The wine tasted of peaches with a pleasant honeysuckle nose. This lighter-bodied white wine went well with a crispy rice salad spiked with ground pork.

The Loredona Viognier can be found at Whole Foods and Beverages and More stores on sale for less than $10 a bottle.

It’s a great summertime sipper at a great price!


Looking at 2010 and Beyond

December 31, 2009

The coming year will present opportunities galore for wine lovers to expand horizons, excite tastebuds and enjoy the wide variety of offerings from California’s multi-faceted wine country.

The 2009 harvest is complete and the wines are resting in tanks and barrels, making the transition from raw juice to finished product. Early signs are hopeful, but the proof will be in what develops in the months and years ahead. Time, and effort, will tell.

Most of the 2009 vintage will not be released for another year, or more, depending on the type and style of wine. The early harvest or nouveau style wines debuted before New Year’s. Young, feisty and anything-but-serious, these wines are meant for immediate consumption.

Next up will be the chardonnay and sauvignon blanc wines, most of which will be released over the next 12-24 months.

Zinfandel and syrah  and pinot noir usually show up for drinking in the second year after harvest. The 2009 merlot and cabernet wines will need more time — two or more years after harvest — to become finished wines. Some examples will be aged in barrel for even longer, to give them additional depth and complexity from the prolonged interaction with the wood.

You’ll see bottles from the 2007 and 2008 vintages — now ready for market — offered at tasting rooms and retail locations all over the place. For the adventurous, there will be opportunities to test the new wines before bottling via barrel tastings and special events designed to preview the pleasures to come.

Here are my recommendations for major wine-centric events you can attend over the next few months:


The Zinfandel Advocates and Producers (ZAP) 19th annual grand tasting will be held at Fort Mason (San Francisco) from January 28-30. There are special winemaker dinners and smaller focused tastings before the grand tasting on Saturday the 30th.. While the list is still growing, ZAP officials expect 250 wineries to participate, with more than 1000 different wines available for tasting.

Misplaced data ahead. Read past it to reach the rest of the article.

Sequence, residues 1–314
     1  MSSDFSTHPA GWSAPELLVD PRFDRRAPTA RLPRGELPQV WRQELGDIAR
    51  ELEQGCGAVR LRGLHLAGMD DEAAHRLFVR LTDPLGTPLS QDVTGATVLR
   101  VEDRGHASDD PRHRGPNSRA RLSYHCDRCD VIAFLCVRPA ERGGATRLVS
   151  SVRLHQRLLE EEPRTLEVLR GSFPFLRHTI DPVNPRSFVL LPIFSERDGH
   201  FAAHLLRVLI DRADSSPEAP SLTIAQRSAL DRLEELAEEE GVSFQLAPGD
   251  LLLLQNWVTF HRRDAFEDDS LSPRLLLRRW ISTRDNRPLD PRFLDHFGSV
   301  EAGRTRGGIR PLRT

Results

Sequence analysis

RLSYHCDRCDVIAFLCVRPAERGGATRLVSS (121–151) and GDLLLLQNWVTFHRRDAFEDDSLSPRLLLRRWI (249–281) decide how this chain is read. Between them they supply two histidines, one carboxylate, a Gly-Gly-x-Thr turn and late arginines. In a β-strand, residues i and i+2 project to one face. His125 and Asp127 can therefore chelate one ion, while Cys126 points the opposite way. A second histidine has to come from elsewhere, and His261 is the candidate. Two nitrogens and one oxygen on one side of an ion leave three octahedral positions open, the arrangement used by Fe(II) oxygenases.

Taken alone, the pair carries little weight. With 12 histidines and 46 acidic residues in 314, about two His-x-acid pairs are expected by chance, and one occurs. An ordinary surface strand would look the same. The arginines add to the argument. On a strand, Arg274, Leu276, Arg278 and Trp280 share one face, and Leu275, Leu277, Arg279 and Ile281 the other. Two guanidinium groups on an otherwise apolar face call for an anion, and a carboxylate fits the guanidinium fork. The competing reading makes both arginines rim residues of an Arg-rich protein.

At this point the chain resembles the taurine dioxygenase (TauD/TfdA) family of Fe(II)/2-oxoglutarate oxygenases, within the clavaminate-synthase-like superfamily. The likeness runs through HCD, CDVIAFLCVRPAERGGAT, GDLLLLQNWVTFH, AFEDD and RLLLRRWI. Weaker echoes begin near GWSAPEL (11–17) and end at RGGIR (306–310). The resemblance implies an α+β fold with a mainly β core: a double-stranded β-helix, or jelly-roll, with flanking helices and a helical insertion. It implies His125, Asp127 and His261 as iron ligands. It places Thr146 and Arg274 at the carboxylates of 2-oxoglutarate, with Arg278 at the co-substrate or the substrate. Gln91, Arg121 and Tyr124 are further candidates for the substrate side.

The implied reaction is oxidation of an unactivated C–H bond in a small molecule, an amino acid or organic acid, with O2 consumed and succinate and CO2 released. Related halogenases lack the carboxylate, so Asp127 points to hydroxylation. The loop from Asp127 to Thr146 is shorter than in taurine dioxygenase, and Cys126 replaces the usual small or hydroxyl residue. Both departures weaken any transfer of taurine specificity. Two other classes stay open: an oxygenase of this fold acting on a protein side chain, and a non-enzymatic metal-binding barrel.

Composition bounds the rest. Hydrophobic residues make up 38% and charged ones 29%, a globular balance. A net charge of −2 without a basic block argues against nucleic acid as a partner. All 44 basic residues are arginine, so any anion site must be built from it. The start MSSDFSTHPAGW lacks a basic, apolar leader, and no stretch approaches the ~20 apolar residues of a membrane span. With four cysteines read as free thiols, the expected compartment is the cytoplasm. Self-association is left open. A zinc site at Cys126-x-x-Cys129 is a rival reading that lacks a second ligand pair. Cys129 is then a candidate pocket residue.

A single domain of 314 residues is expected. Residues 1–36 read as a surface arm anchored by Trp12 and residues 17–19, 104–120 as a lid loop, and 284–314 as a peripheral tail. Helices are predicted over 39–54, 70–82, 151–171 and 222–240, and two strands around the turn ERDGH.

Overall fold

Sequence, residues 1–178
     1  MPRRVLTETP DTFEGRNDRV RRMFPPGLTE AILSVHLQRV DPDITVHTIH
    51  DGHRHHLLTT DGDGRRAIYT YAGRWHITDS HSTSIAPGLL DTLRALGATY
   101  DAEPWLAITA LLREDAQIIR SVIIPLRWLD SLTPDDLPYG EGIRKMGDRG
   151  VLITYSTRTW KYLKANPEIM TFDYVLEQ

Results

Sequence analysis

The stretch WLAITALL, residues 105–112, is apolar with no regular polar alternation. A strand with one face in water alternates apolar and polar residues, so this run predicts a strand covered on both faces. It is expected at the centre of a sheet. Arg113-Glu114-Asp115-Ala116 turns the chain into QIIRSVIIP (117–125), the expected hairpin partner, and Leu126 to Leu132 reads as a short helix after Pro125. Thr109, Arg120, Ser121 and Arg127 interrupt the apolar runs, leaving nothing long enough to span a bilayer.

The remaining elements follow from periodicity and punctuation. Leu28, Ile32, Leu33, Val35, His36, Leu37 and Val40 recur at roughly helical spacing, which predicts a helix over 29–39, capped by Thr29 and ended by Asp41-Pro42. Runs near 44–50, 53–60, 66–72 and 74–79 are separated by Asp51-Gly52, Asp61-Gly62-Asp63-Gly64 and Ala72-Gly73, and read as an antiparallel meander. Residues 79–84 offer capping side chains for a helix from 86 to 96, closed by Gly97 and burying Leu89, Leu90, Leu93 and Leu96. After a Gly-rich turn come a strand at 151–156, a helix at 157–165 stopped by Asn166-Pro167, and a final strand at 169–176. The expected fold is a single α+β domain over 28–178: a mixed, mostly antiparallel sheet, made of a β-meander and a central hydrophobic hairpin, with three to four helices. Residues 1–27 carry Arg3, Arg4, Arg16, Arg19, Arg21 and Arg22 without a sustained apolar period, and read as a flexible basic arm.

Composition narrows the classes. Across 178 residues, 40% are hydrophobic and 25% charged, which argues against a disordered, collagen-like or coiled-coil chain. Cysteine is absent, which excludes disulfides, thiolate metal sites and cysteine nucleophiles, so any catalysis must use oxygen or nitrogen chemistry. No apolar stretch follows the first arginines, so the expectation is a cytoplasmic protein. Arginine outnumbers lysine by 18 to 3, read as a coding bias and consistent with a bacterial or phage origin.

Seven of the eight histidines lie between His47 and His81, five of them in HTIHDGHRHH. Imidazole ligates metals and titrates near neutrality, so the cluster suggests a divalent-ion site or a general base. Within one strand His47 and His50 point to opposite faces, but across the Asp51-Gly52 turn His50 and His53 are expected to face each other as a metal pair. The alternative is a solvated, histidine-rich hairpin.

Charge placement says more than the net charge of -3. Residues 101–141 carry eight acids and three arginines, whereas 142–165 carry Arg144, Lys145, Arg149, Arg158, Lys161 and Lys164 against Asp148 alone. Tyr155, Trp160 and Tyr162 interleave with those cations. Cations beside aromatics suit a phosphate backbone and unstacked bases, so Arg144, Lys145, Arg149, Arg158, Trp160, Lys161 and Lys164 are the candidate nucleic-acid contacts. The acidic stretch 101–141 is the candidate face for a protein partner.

P.S. I Love You

This advocacy group, P.S. I Love You, supports all things related to petite sirah. Their fourth annual tasting event will be held Feb. 19 at Rock Wall Wine Company in Alameda. Each of the 40 or so participating wineries will pour their best bottles of petite sirah alongside great food from more than a dozen regional restaurants. A limited number of tickets are available online @ $60 apiece.

Savor Sonoma County

The 20th Annual Savor Sonoma Valley barrel tasting event will be held March 20-21. A group of 22 regional wineries participate in this fun event, held every year to showcase the newest vintage. A two-day pass is $55 per person. Tickets are on sale online at the Heart of Sonoma Valley web site.

Later in the year, the big auction events take center stage. Two of the biggest include Auction Napa Valley, the prestigious event put on June 3-6 by the Napa Valley Vintners, and Sonoma Wine Country Weekend on Sept. 4-7. Tickets for the Sonoma event go on sale in June.

Check your favorite winery’s website for information about product releases and other special events throughout the year. For example: I’ve got Feb. 6 circled on my calendar. That’s when Silver Oak unveils the new vintage for its Napa and Sonoma cabernet sauvignon with open houses at its wineries in Oakville and Geyserville from 9 a.m. to 3:30 p.m.

What’s your favorite wine event? Share your ideas with me and I’ll include them in an upcoming post.